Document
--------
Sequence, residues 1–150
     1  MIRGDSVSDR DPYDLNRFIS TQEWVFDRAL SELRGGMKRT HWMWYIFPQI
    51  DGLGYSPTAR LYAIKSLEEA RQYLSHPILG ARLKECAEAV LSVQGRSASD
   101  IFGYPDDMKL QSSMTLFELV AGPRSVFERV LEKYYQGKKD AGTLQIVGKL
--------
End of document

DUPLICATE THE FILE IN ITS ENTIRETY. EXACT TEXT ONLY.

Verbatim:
Sequence, residues 1–150
     1  MIRGDSVSDR DPYDLNRFIS TQEWVFDRAL SELRGGMKRT HWMWYIFPQI
    51  DGLGYSPTAR LYAIKSLEEA RQYLSHPILG ARLKECAEAV LSVQGRSASD
   101  IFGYPDDMKL QSSMTLFELV AGPRSVFERV LEKYYQGKKD AGTLQIVGKL